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  5. "What is your name?"

"What is your name?"

Translation:Jina lako ni nani?

March 5, 2017



What's the difference between lake and lako?


-ako is your/yours -ake is his/her/its

The l- is there because Jina is in the JI of the JI/MA class (Class 5/6) and l- is what you add to anything that needs agreement in the singular form.


Very correct, excellent linguistic explanation John00625. I also think Swahili learners want to know the different meaning about what and who.

Normally, what means nini, for example what is this? = Hii ni nini?

But in the sentence above where what is used to ask about someone's name it is normally translated as nani just like asking who are you? Wewe ni nani? Tell us your name and possibly who you are because your name may finally tell us who you are in terms of culture or civilization or background. Never say Jina lako ni nini? Do not translate literally.


Thanks for answering peoples questions and providing information GeorgeMwid! Duolingo should hire you to help better this swahili course smh i was so excited to learn an african language.


Thank you for appreciation. It is my pleasure too to work with them.


I've learned my Swahili from Kenya but "Unaitwa nani?" is also common. However, it is translated as "You are called who" and not "What is your name." Wondering if it should also be accepted?

[deactivated user]

    Yes!!! I know "unaitwa nani" and i was wondering if i will be learning it in the future or maybe its just an informal way so i wont be learning that phrase at all


    I'm very new to Swahili but it seems while they call for the same answer their literal meaning differs.

    "Jina lako ni nani?" = "What is your name"

    "Unaitwa nani?" = "What are you called?"

    Essentially, they both want to know your name.


    Learning languages in diiferent countries will result to different translations, however the meaning may actually be the same.


    In reality do people in Tanzania say "Jina lako nani?" Or have I been mishearing?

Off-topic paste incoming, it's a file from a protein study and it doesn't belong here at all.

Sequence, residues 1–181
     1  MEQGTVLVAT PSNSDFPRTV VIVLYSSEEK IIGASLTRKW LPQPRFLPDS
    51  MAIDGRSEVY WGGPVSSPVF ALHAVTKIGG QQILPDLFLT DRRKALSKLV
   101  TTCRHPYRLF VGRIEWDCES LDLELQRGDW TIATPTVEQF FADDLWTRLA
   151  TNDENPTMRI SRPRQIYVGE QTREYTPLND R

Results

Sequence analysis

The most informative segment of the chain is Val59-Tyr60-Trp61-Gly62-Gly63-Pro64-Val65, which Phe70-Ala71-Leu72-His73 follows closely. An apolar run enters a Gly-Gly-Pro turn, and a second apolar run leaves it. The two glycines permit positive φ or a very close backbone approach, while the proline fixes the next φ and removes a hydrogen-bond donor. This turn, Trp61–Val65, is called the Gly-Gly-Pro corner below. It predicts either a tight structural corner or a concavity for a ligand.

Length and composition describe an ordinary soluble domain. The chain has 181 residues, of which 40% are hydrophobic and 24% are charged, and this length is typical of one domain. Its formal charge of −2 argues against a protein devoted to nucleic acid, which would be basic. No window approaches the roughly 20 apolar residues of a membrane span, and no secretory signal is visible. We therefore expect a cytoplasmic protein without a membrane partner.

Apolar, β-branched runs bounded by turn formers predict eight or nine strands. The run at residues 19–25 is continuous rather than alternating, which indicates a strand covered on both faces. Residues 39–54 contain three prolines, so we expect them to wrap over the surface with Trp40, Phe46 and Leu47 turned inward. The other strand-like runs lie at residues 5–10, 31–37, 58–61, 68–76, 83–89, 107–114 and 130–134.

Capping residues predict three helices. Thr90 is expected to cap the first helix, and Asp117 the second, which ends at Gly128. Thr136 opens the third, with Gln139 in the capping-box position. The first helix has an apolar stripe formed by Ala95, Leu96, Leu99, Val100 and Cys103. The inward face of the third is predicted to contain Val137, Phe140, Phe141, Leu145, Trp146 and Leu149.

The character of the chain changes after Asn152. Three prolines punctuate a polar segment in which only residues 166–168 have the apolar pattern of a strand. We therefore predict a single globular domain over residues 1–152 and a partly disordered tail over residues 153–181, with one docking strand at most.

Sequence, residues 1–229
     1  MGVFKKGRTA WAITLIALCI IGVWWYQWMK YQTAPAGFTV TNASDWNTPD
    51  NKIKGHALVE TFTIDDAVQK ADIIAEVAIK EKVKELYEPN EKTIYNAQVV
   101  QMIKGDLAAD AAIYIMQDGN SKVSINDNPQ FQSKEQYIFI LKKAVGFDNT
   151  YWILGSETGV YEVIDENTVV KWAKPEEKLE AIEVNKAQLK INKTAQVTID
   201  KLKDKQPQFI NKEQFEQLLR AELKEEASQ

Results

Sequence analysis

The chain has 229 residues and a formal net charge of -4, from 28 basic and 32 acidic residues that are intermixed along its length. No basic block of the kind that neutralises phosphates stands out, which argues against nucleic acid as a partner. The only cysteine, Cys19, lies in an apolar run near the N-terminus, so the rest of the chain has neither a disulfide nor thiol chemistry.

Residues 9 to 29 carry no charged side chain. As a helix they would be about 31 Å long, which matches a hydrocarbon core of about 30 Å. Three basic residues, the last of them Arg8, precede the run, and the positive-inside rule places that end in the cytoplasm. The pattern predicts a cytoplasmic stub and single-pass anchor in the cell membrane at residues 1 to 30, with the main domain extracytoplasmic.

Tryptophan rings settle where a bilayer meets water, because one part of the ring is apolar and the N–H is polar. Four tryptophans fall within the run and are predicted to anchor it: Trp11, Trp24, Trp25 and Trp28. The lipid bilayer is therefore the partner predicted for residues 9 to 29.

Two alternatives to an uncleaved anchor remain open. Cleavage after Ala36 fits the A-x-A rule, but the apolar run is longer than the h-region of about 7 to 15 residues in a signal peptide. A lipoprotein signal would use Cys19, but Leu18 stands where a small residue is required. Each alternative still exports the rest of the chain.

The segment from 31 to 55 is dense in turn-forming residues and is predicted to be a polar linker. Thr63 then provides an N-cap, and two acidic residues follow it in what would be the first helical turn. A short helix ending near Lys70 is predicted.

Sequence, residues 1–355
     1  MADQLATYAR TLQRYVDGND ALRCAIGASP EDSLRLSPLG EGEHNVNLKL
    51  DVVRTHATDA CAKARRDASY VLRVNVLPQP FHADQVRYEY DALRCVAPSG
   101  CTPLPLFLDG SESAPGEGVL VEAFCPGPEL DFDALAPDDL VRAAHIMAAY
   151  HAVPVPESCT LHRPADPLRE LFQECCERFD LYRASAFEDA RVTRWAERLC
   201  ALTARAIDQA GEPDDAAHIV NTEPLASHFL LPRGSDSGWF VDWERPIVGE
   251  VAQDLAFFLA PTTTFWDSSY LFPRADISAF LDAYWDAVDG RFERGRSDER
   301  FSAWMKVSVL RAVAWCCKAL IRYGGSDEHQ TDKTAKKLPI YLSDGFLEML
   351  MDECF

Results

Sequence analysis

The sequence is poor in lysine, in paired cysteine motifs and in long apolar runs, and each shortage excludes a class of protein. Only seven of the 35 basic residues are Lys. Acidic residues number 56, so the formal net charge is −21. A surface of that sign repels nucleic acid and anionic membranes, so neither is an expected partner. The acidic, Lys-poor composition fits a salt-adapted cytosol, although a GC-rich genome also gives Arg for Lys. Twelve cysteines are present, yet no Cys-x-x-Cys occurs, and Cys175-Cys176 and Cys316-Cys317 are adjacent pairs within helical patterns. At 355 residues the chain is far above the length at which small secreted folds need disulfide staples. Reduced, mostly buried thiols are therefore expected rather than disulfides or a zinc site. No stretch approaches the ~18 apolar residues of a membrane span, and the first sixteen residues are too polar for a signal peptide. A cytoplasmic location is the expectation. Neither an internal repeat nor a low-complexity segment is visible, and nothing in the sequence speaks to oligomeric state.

you are not. indeed they say that.


    How do you know, based on your badges it doesn't look like you've studied Swahili. Why wouldn't they say "ni"? It seems weird that someone would say "Your name what" instead of "your name is what."


    Jina lako ni nani is correct and you may also shorten to Jina lako nani in Swahili and still correct


    There is variation. Not all languages use a copula and not all languages that use copulas use them all the time.


    In Hebrew, the verb "to be" is very often left out.


    Unaitwa (you are called) is also excepted


    Accepted (not excepted). Hope you don't mind my correcting you. Feel free to correct my Swahili!

    [deactivated user]

      Its an informal way right?


      That word order is a lot different than English


      Nani ni jina lako? Is also correct yes?


      Doesn't nani mean what in Japanese too?


      Yes, but not "too", because it doesn't mean "what" in Swahili. It means "who". It translates to "what" in this sentence, but it can only be used to ask about a person or their name, not to an inanimate object.


      So loosely this sentence asks "Who are you called" ?


      I am getting confused. Is it just me or am I seeing more than one word for "Name"? If so, what is the rule? Thank you.


      Am a total beginner here but, from the comments, I think that “jina” is “name” (noun) and “unaitwa” is “to be called” (verb).


      Dzina lako ndi ndani? (in Chichewa [when talking to your peer or a person younger than you.])

      Dzina lanu ndi ndani? (in Chichewa [as a respectful way to elders or strangers])


      "Je, jina lako ni nani?" is absolutely the correct way to ask a stranger's name. So why did I get this wrong?


      what's the difference in nani,gani and nini? is one of them plural?.


      nani? = who? whom?
      ~a nani? = whose?
      gani? = which? what kind of?
      nini? = what?
      kwa nini = why

      As far as I know nani, gani and nini can be applied unchanged for singular as well as for plural.


      Is the answer supposed to be " Jina lako ni nini" because by using the word "nani" is making "what" to be a noun which is very incorrect. Anyone think the same way?


      It's not about correct/incorrect, it's about to understand/transfer and to be understood. In Kiswahili we have to ask "Jina lako ni NANI?" (literally: name your is WHO?) which translates into "What is your name?". (11-Aug-2020)


      Nani ni lako jina?


      Nani ni lako jina is a literal translation and in Swahili a noun comes/starts first in interrogative and affirmative sentences as follows:

      Jina lako ni nani?

      Which car do you drive? literally > Lipi gari waendesha? Then write: Gari lipi waendesha?

      You may also write: Waendesha gari lipi?

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